The Toast | Taken 2

I’m not going to hide from the easy, and trite, comment: I was taken with Taken. The action movie starting Liam Neeson, Famke Janssen and Maggie Grace was an absolutely stellar action thriller flick. Even my wife, who is not necessarily one for bang bang-bang shoot ‘em ups, found the story riveting and the fight choreography believable and engaging. The subject matter of a young girl being trapped—and taken—and sold in to sex slavery is a very real and very frightening plot point. The idea of a father having a “very specific skill set” being a retired CIA operative also resonates well with a need we have for the gun slinging cowboy to come and untie the girl from the train tracks. Except that this cowboy will shoot your wife in the arm and attach your balls to electricity to find his daughter—as would I (if I had a “very specific skill set” that is).

Then there is Taken 2. Taken 2 picks up shortly after the events of the first movie and from the onset seems like something of an addendum to the original movie—it is incredibly reliant on a lot of the facts from the first, but does little to catch the viewer up with those facts if they are a first time watcher. It continues some of the needs on the part of the audience to get the “full” happy ending in that it starts—very quickly—to prepare you for the notion that Bryan Mill’s (Neeson) will be reconciling with his ex-wife Lenore (Janssen) as she is going through a tough time with her never seen second husband (whom I will dub “Rich Jerk Guy”).

There is a premise that the “Muslims from Somewhere” bad guys are the brothers and fathers of the men Mills killed in the first movie out for revenge and to fill the soil around their bodies with the blood of the man who killed them. They do a very poor job of making these villains even half-way believable as human beings—because they were fully aware that their beloved ones, whose wives and daughters are wailing as if they were all Nobel Laureates, were teenage girl sex slavers. In the first movie at least, the villains were not even characters, but rather cardboard cutouts, like the ones in the NES classic Wild Gunmen, mere things for Mills to chase down, shoot, and kill in an effort to make them pay for what they done did.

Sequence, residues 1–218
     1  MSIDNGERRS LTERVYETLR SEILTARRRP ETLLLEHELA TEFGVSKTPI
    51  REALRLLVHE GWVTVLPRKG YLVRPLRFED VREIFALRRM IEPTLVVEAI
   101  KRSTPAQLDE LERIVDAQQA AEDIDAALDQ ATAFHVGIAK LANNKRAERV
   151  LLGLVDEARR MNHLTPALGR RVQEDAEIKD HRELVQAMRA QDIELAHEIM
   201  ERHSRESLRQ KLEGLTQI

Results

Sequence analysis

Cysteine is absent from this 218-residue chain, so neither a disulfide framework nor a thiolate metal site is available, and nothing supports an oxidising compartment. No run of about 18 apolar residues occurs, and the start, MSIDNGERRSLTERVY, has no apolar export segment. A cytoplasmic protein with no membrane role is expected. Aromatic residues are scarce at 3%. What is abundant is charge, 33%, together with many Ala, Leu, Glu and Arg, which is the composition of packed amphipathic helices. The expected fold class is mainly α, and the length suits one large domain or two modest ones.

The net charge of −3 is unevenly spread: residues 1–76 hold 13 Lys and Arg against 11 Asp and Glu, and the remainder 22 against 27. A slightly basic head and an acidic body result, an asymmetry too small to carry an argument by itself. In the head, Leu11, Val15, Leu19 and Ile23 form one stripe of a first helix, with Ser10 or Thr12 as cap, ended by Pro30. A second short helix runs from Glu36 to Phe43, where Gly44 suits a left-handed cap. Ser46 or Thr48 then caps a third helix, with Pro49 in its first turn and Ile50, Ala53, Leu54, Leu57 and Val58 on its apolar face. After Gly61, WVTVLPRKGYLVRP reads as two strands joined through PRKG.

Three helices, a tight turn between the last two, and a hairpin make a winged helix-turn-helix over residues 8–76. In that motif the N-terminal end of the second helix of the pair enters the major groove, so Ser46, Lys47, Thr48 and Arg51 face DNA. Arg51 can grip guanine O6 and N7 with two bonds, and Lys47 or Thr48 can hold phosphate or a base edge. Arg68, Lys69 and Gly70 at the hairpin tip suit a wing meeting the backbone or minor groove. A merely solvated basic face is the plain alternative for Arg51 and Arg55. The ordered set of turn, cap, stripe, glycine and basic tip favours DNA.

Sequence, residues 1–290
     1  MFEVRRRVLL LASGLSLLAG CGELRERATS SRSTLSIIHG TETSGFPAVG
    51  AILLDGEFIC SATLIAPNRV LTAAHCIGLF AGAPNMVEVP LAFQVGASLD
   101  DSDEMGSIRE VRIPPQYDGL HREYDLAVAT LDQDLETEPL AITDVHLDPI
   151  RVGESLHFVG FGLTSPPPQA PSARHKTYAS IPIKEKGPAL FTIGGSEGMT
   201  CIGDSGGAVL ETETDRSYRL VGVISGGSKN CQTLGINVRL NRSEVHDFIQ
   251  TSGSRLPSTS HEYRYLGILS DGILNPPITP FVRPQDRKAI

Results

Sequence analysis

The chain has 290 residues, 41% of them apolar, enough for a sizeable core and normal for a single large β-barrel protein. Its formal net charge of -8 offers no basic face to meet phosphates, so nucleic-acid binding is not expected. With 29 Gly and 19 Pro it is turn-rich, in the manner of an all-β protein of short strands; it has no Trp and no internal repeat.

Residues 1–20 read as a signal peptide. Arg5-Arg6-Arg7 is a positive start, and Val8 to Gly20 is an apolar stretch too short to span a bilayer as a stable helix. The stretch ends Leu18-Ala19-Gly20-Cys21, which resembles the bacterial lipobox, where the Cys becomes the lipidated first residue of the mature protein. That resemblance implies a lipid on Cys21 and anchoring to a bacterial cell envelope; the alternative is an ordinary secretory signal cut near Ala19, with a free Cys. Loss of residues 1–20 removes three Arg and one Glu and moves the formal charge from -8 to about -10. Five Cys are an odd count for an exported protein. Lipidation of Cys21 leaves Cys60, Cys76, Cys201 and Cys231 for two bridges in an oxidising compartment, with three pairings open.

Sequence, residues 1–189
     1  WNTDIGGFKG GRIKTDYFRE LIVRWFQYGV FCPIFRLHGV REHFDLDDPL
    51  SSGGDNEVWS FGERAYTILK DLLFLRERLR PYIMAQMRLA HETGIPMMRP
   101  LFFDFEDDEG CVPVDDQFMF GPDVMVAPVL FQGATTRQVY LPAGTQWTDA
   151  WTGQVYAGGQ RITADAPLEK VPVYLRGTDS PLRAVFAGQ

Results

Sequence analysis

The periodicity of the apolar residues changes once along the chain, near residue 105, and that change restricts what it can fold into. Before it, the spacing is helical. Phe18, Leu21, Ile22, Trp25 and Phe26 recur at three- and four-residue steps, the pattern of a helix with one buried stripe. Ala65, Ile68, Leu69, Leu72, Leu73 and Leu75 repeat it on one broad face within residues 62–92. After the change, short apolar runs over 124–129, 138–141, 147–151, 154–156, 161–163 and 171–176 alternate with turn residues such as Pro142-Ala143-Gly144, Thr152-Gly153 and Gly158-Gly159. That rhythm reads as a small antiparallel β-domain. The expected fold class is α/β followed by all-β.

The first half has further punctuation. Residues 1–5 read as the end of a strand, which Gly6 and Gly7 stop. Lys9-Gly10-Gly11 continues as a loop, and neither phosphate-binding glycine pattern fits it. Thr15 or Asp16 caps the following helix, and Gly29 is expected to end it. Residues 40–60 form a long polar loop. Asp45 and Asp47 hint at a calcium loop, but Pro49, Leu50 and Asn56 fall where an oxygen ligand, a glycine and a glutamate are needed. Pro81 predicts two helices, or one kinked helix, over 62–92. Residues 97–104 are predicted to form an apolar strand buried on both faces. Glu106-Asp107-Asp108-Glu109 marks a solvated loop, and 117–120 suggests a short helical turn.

In this movie you go through the motions of finding…well Mills and his wife as he dictates to his daughter exactly how to use geometry and grenades to fin their location. I’m not sure exactly what kind of science was employed for that to work exactl,y but Neeson, being a great actor, manages to make you forget that this seems wildly impossible and that even in the city of Istanbul (not Constantinople) that a grenade going off as an erstwhile GPS ping wouldn’t go without notice.

I won’t ruin the whole flick, there are some really fun and action packed moments and a cool really cool-yet-impossible things that Mils does that makes you wonder how the world could allow for such skill sets to exist…but that is the suspension of fantasy. Suffice it to say that by the time you realize the movie is coming to end, you kind of feel like there is a central piece of it missing. It isn’t so much that it’s a rehash of the concept of the original movie as much is its just really missing some motivation. When the not-Anthony-Hopkins villain screams, “It doesn’t matter what he did, he was my son!” he has immediately drawn a big neon-flashing arrow at the hole in the center of this movie. There is no logic to the events taking place.

I’m no curmudgeon, however, and if you are just looking for some fun “how’re they gonna get out of this one” moments, then this is a flick for you. It has some thrills but lacks the stand out character of the original. It doesn’t so much act as a sequel as it does an epilogue…and a mostly unnecessary one at that. It’s a fun good time, but its not a thinker’s movie…and not that the first one was, but at least it didn’t make your head hurt while you went on a thrilling ride. My suggestion? Watch it, but don’t pay for it. Wait for the Netflix instant stream.

 

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Written by: Brandon Melendez

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